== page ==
Nancy Pendleton, Sandy’s sister, has always loved art, drawing as a child, and, later on, obtained a BFA in graphic design. While she was working as an illustrator, she also pursued her interest in fine art, first in figurative images, and now in an abstract style. She loves mixed media, and started using handmade paper, with acrylics and natural objects. Her painting entitled “Studio Recycles Red” is a good example of her skill with different materials.
Sweet Spot 15"x10"
by Nancy Pendleton and Sandy Pendleton


Studio Recycles Red 14" x 18"
by Nancy Pendleton
When her sister became proficient in making art glass, the two decided to work together.

“We’ve worked out a technique,” said Nancy. “I often use a centerpiece in my art, and Sandy came up with glass pieces that work well in my paintings.” You can see examples of this sibling collaboration in “Bursting” and “What You See Is What It Is,” as well as some charming dog paintings such as “Sweet Spot” and “Flirting with Fido.”
 
Bursting 60"x48"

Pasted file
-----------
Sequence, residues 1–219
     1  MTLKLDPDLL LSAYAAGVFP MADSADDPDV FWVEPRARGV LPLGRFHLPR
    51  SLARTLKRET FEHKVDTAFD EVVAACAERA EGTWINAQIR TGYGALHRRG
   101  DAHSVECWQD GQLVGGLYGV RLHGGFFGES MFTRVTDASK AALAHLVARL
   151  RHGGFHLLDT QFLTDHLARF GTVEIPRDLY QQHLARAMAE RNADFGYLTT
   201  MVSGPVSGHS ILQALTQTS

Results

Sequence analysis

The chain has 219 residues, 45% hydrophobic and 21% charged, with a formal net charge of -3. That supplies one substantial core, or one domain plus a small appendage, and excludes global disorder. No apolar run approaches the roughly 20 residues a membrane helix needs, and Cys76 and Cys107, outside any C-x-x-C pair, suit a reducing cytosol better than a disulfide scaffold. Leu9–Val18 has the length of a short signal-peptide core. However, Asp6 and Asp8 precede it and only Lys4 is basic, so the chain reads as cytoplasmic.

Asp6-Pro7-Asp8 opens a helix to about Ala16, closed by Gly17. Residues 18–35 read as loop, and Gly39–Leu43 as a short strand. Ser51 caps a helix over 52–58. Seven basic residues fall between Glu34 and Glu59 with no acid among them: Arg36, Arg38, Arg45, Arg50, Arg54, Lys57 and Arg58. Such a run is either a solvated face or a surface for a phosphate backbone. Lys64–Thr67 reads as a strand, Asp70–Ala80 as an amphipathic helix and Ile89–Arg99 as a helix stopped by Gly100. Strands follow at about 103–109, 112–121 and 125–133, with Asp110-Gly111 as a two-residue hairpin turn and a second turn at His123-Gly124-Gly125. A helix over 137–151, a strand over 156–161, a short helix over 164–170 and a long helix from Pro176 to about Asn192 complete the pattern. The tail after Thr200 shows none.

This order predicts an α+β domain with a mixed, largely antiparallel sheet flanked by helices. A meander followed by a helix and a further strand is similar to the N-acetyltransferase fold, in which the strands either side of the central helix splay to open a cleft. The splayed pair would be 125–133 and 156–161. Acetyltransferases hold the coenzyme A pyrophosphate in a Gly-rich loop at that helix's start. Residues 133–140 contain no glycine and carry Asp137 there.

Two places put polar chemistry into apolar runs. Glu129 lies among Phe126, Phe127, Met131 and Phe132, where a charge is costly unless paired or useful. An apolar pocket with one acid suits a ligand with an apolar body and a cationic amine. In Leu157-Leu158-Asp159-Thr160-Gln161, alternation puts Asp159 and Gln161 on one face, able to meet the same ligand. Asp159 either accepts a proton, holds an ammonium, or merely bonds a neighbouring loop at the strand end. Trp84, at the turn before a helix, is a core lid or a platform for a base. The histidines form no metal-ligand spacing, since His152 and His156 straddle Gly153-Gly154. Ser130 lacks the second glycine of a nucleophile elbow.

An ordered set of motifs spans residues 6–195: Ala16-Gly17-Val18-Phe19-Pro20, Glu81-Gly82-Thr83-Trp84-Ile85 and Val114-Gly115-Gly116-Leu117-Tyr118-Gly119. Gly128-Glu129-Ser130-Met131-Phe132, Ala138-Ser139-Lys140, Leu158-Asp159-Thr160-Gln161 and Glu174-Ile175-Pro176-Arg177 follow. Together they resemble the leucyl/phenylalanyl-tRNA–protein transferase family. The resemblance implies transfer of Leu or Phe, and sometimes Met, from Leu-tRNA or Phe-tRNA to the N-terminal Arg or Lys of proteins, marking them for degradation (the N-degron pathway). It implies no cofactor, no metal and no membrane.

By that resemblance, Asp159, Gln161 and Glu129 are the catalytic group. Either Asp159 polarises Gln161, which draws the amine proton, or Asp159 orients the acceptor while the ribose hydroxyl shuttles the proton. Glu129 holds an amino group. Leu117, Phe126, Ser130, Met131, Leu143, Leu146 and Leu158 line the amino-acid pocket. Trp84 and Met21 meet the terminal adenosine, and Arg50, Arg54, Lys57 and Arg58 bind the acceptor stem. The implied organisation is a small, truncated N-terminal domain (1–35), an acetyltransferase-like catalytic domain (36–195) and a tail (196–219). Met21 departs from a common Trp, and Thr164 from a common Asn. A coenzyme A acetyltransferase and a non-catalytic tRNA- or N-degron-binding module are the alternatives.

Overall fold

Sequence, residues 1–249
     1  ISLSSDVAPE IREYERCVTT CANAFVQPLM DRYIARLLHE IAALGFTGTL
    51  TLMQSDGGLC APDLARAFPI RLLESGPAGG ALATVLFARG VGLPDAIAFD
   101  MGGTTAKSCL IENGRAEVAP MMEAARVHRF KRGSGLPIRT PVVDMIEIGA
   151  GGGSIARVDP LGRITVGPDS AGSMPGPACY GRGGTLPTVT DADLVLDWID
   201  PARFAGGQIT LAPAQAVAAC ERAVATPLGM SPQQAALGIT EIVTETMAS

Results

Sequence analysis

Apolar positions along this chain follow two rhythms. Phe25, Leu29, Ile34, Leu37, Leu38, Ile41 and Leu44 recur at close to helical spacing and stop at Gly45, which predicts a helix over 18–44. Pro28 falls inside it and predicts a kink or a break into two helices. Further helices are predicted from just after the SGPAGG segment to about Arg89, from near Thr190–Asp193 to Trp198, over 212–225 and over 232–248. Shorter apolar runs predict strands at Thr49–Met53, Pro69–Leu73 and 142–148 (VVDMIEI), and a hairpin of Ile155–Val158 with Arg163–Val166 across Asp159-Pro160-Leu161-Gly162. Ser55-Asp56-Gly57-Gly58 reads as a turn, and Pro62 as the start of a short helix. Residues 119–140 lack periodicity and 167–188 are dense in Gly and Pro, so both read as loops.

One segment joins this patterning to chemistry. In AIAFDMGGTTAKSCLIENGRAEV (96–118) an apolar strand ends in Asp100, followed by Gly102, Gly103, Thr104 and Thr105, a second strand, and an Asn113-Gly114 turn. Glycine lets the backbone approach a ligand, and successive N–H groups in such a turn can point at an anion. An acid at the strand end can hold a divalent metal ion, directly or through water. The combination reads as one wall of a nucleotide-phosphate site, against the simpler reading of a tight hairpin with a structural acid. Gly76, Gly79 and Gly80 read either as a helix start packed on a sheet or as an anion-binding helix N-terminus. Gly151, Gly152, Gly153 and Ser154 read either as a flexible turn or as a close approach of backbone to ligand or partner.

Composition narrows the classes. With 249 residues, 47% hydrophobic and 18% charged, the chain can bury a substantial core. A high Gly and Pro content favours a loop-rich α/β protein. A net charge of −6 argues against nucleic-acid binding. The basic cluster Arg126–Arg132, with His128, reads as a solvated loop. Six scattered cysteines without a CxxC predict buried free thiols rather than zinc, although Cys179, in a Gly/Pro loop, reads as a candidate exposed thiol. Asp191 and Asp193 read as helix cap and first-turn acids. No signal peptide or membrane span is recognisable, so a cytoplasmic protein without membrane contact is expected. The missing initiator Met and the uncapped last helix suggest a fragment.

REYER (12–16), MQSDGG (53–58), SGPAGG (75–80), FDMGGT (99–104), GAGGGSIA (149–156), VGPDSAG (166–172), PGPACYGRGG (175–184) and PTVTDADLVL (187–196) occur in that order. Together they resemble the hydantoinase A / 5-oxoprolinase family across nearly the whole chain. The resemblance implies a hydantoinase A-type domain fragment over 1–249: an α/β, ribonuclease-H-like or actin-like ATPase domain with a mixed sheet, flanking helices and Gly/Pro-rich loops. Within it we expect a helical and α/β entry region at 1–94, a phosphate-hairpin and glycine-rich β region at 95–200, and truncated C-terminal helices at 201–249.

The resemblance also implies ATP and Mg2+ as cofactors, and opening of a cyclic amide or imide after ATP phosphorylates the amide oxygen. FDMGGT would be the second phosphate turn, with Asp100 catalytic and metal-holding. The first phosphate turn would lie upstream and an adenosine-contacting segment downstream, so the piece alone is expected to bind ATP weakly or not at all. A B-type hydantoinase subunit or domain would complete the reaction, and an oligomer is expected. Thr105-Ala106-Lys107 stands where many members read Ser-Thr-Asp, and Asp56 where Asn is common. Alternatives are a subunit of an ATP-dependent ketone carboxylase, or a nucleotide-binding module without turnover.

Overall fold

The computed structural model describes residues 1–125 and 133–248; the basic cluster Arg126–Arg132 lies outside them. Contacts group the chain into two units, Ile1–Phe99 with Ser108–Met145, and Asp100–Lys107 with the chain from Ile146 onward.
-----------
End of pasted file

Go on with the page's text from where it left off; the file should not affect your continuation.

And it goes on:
by Nancy Pendleton and Sandy Pendelton


What You See Is What It Is 24"x24"
by Nancy Pendleton and Sandy Pendleton

So, maybe there is an art gene! And, as Acacia said, it can just be that love of making things that’s passed on from one generation to another. What a gift!

Play with Me  15"x10"
by Nancy Pendleton

Monday, April 9, 2012

Transparent Art

Totem 6 by Tom Philabaum
The year 2012 marks the 50th anniversary of the development of studio art glass in America. To celebrate this milestone and recognize the many talented glass artists, many glass demonstrations, lectures and exhibitions will take place in museums, galleries, art centers, universities, organizations, festivals and other venues across the United States throughout 2012.